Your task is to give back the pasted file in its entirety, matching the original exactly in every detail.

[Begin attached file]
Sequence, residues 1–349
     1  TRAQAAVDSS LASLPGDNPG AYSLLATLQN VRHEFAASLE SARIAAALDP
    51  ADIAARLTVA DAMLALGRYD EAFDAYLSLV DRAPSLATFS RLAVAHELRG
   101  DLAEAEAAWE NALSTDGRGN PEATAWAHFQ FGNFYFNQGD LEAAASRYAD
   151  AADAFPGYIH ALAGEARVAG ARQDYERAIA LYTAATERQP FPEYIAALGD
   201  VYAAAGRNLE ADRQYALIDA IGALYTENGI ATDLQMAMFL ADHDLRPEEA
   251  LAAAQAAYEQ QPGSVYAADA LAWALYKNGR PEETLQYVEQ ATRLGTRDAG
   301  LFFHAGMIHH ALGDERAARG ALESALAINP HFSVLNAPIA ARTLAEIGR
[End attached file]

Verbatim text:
Sequence, residues 1–349
     1  TRAQAAVDSS LASLPGDNPG AYSLLATLQN VRHEFAASLE SARIAAALDP
    51  ADIAARLTVA DAMLALGRYD EAFDAYLSLV DRAPSLATFS RLAVAHELRG
   101  DLAEAEAAWE NALSTDGRGN PEATAWAHFQ FGNFYFNQGD LEAAASRYAD
   151  AADAFPGYIH ALAGEARVAG ARQDYERAIA LYTAATERQP FPEYIAALGD
   201  VYAAAGRNLE ADRQYALIDA IGALYTENGI ATDLQMAMFL ADHDLRPEEA
   251  LAAAQAAYEQ QPGSVYAADA LAWALYKNGR PEETLQYVEQ ATRLGTRDAG
   301  LFFHAGMIHH ALGDERAARG ALESALAINP HFSVLNAPIA ARTLAEIGR